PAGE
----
University of Tasmania
Eaves_whole_thesis.pdf (32.19 MB)

Wir sind dem Schutz unserer Heimat ‚àöv±sterreich‚ÄövÑvp : the 'boundaries' of 'Heimat' in the FP‚àöv±'s national identity discourse

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posted on 2023-05-27, 11:47 authored by Eaves, ZM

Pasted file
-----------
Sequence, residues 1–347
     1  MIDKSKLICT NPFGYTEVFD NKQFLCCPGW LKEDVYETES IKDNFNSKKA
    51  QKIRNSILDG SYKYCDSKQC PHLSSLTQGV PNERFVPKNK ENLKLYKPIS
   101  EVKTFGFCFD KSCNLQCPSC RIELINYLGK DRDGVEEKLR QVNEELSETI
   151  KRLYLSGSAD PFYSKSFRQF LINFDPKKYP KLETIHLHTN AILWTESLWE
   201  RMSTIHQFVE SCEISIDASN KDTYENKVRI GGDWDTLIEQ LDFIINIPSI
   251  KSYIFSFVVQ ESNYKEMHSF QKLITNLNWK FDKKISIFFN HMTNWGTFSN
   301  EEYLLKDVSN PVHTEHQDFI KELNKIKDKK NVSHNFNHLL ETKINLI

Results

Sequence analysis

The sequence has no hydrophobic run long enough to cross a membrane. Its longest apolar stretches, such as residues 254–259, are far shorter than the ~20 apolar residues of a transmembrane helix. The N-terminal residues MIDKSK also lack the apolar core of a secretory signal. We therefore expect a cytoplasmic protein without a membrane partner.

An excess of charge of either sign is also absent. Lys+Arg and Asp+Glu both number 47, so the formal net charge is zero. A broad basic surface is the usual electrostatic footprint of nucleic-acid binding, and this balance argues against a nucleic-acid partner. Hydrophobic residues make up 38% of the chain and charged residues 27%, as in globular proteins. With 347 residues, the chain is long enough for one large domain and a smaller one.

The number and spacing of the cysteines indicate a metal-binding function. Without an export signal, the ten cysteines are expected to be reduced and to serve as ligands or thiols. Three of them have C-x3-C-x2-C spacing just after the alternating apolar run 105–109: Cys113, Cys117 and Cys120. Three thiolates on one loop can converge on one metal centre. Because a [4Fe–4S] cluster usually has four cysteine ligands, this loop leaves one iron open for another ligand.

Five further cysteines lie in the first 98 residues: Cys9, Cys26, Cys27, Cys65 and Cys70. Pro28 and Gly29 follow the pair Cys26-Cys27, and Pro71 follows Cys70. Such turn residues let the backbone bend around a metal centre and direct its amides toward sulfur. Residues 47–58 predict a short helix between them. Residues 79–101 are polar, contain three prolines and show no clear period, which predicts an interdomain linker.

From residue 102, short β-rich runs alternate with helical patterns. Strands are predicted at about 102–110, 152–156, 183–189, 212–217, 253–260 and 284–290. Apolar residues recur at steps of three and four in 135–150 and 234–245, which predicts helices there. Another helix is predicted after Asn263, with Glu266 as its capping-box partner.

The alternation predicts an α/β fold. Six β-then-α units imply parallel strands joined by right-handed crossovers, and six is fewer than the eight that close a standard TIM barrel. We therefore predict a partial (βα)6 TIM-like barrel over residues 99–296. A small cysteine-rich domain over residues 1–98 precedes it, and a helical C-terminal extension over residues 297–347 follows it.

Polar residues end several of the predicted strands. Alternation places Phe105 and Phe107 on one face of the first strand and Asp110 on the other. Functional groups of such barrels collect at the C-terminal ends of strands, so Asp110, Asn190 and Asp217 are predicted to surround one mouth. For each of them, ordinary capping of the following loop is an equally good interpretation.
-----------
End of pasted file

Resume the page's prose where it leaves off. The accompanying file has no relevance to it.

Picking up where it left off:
This thesis examines the use of the term Heimat in the political discourse of Austria's Freiheitliche Partei ‚àöv±sterreichs (FP‚àöv±). The concept of Heimat has long described the collective identity and cultural rapport between German-speaking groups, as well as the strong feelings of affection one has for their 'home' and native environment. With the advent of European nationalism during the nineteenth century, however, Heimat gained a political dimension through which it was possible to dictate normative features of national identity. Heimat is therefore explored in this dissertation as a preestablished concept that has been appropriated by the FP‚àöv± in order to discursively construct an Austrian national identity narrative that suits its anti-immigration policies and Right-Wing populist parochialisms. Right-Wing Austrian political parties are well known for using emotive imagery in an inflammatory way to polarize opinion, and a deconstruction of their materials through the lens of Heimat provides an original and substantial contribution to cultural studies. Central to my investigation is an analysis of the FP‚àöv±'s Right-Wing populist Heimat imaginary, which is used by the party to outline its definition of the Austrian nation, community, culture, and identity. A recurring theme in the FP‚àöv±'s Heimat discourse is the notion of a 'homeland' that positions 'the people' as a central native community. This dissertation accordingly attempts to discover how Right-Wing populist Heimat discourse can affect perceptions of Austria's character as a nation. These perceptions influence the way Austria should look and feel, which collective identities and cultural manifestations are considered to be normative in the national identity narrative, and which physical landscapes typify the topography of the nation. The final objective of this dissertation is to investigate these features of Heimat as examples of an idealised sense of community that is constructed around ethnocentric nationalism and monoculturalism. The dissertation consequently provides empirical evidence to demonstrate how the term Heimat is used by the FP‚àöv± to construct a national identity narrative that gains voter support while also contesting the increased foreign migration to Austria and Europe. This thesis examines how the FP‚àöv± uses the term Heimat to counter what the party identifies as a rupture of community, the diminishing sense of an identity of place, and loss of collective national identity, all of which has supposedly arisen from a sense of alienation caused by modern globalisation and the resultant push for cultural and societal diversification and pluralism in Western democracies. As an important identity concept in the FP‚àöv±'s rhetoric, Heimat is explored in this thesis through the dominant lenses of landscape, language, history and mythology. These categories of analysis are integral to understanding the FP‚àöv±'s definition of Heimat, and therefore require thematic examination in individual chapters. My study draws on the FP‚àöv±'s political programmes, literature, speeches, photographs, websites, and social media. The inquiries that are addressed in the thesis are motivated by three overarching research questions: (1) How is the physical landscape of Heimat defined in Right-Wing populist discourse, and how does it resonate with the native Austrian population? (2) Which demographic is 'at home' in this image of Heimat, and how is their identity defined? (3) Which social groups are either marginalised or denied membership in this narrative? A resolution to these inquiries offers a unique insight into what it means to be Austrian from a contemporary Right-Wing populist perspective. To date, no systematic investigation has considered the role of national identity politics in Austria while also taking into account the current refugee and migrant crisis facing modern Europe. The political dominance of the Centre-Leftist parties continues to wane throughout Western democracies, and with it comes the resurgence of Far Right attitudes and the rising popularity of Right-Wing populist political blocs. This thesis examines how the FP‚àöv±'s populist Heimat discourse targets the fear many Austrian citizens hold about the preservation of their traditional national identity and image of the nation. It shows how the party then exploits these anxieties in order to question the validity of the governing multiculturalism narrative by attempting to discredit the idea that one can import large numbers of foreign cultural groups and have no societal problems as a result. This thesis thus discovers how the concept of 'Heimat' functions as an imaginary cultural border that enforces a frontier between a national 'us' and a foreign 'them' in the FP‚àöv±'s political strategy.


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